A World Without You

Book review by
Michael Berry, Common Sense Media
A World Without You Book Poster Image
Reality and delusion mix in sensitive mental illness drama.

Parents say

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Kids say

age 12+
Based on 1 review

A lot or a little?

The parents' guide to what's in this book.

Educational Value

A World Without You presents a fairly realistic picture of what it might be like to live in a mental health facility for teens. The subject of psychosis is handled with sensitivity.

Positive Messages

It is better to face reality than to indulge in delusions. Families can pull together to help each other through medical crises.

Positive Role Models & Representations

Bo struggles with his mental illness and still manages to be hopeful and empathetic. His sister Phoebe tries to be supportive of him and the rest of their family, even though it comes at a personal cost to her.

Violence

There's little physical violence in A World Without You. Bo imagines himself in the middle of a Civil War battle and witnesses the hanging of a so-called witch.

Sex

Bo and Sofia are in love, but the physical aspect of their relationship is limited mostly to hand-holding and kissing.

Language

Swearing ranges from a few dozen uses of "hell" and "damn" to less frequent use of "s--t," "bulls--t," "a--hole," "f--k," and "d--k."

Consumerism
Drinking, Drugs & Smoking

One supporting character carries a cigarette lighter.

What parents need to know

Parents need to know that A World Without You is a compassionate and sensitive fictional account of teenage mental illness and how it affects the patient's family. The level of violence is low, primarily some graphic scenes from the past -- a Civil War battlefield and the hanging of a witch in Salem, Massachusetts. Bo and Sofia are in love with each other, but their relationship seems limited to kissing.

User Reviews

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Teen, 14 years old Written bybubblegum_girl March 28, 2018

Incredible book

A World Without You completely centers on mental illness and the effect it has on not only the person, but everyone around them. It can be disturbing, with suic... Continue reading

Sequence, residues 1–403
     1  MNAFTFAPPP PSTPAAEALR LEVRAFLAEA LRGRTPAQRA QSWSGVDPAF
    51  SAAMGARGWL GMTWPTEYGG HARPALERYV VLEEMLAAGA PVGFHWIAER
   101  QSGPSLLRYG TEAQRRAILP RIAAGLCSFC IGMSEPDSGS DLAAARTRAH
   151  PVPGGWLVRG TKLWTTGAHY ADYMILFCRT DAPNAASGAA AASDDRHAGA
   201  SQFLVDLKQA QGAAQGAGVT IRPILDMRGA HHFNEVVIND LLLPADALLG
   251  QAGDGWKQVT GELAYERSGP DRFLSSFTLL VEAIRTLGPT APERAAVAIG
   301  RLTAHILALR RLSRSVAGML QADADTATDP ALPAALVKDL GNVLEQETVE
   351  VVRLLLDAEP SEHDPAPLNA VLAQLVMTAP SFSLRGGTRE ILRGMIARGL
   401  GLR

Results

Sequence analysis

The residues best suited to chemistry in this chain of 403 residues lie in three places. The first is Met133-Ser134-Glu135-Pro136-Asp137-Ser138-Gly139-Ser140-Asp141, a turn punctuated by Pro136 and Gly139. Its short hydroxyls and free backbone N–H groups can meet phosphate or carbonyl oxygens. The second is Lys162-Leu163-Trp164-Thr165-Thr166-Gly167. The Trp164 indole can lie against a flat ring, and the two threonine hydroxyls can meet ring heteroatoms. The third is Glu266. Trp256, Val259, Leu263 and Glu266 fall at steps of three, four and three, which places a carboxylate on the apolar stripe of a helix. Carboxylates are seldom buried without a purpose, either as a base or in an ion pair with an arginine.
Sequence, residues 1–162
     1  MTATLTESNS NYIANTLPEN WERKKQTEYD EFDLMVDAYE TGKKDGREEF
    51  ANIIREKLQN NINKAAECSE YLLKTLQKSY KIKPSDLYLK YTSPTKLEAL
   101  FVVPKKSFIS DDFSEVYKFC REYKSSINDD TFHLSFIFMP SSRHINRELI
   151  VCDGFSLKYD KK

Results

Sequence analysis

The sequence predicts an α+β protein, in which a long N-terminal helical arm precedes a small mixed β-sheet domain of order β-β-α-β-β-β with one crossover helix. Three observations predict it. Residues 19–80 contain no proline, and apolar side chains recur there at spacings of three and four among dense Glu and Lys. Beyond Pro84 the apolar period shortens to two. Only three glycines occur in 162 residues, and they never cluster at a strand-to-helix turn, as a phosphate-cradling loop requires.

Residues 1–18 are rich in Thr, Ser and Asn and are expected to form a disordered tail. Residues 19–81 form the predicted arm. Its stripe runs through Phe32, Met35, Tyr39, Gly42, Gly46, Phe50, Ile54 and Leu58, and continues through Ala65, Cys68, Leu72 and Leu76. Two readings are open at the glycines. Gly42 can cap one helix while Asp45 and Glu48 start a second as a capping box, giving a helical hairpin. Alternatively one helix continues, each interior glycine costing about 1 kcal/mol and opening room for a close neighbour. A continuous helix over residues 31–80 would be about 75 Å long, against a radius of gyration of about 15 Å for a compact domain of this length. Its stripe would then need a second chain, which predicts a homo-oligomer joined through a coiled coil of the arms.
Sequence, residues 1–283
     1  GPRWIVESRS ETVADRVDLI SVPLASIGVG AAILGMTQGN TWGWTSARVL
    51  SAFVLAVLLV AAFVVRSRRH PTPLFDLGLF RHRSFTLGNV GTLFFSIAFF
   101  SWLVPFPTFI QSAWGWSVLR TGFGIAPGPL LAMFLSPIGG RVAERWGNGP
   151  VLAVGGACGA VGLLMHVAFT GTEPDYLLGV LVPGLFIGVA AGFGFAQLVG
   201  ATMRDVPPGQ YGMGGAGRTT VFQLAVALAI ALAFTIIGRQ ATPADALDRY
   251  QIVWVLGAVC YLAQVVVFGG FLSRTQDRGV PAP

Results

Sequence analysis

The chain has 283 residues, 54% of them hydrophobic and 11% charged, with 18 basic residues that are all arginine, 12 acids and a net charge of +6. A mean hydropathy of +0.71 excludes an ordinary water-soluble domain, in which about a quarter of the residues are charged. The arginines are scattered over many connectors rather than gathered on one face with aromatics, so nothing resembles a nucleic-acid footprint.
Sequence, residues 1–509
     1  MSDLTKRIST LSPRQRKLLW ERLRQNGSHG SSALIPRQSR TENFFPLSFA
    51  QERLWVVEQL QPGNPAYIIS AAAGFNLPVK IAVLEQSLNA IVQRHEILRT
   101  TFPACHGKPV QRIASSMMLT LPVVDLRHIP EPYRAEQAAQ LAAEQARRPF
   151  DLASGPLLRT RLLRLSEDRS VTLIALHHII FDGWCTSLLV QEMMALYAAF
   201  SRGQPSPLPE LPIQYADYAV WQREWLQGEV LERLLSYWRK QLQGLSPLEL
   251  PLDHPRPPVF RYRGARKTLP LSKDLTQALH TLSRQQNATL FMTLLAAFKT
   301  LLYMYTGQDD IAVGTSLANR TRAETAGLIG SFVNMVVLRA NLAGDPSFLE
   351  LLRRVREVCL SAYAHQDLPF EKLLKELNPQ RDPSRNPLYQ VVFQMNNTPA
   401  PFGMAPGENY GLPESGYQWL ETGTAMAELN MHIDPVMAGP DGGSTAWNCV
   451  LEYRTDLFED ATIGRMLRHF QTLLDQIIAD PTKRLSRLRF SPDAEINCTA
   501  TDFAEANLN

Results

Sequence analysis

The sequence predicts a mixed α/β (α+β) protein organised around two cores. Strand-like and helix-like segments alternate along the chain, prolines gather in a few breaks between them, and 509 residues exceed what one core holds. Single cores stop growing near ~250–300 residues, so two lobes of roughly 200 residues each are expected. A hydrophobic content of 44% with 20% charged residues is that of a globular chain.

What's the story?

As A WORLD WITHOUT YOU opens, the students at Berkshire Academy are mourning the suicide of one of their classmates, Sofia. All except Bo, who's convinced that she's still alive. Bo believes he can travel through time, and that it's his fault Sofia's trapped in the past during the Salem witch trials. Even though he's convinced that the other Berkshire kids have superpowers that range from telepathy to pyrokinesis, he's determined to save Sofia himself, even if it means alienating himself from his friends and family and putting himself in grave danger.

Is it any good?

Writing realistically and compassionately about mental health issues requires sensitivity and talent, and this intricate, affecting, and surprising novel proves more than up to the task. Author Beth Revis writes convincingly from two perspectives, from that of Bo, embroiled in crisis, and that of his sister, Phoebe, who both loves and resents him for the turmoil that has overtaken their family. A World Without You offers few easy answers, but through its deft character work and careful plotting, the novel gives readers reason for hope.

Unfortunately, the jacket copy gives away many of the book's secrets. It is better to approach A World Without You without any preconceived notions as to what the story is really about.

Talk to your kids about ...

  • Families can talk about the depiction of mental illness in A World Without You. What interventions are sometimes necessary for someone with depression, anxiety, psychosis, or schizophrenia?

  • Is it normal to feel resentment toward family members who are sick and need a lot of attention? What can be done to reduce family stress?

  • Why do superheroes play such a large part in popular culture? How might their fictional adventures help people cope with real problems?

Book details

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